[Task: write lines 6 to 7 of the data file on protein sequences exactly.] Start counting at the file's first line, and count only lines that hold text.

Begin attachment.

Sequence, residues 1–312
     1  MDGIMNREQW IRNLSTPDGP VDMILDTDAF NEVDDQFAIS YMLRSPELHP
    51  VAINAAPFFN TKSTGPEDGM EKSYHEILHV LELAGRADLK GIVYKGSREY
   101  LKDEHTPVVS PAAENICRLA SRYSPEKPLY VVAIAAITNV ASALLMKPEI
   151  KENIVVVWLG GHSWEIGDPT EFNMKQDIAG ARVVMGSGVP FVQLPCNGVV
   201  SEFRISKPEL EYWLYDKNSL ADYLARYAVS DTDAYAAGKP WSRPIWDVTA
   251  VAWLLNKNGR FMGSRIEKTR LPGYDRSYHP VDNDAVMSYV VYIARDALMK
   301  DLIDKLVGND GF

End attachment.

   201  SEFRISKPEL EYWLYDKNSL ADYLARYAVS DTDAYAAGKP WSRPIWDVTA
   251  VAWLLNKNGR FMGSRIEKTR LPGYDRSYHP VDNDAVMSYV VYIARDALMK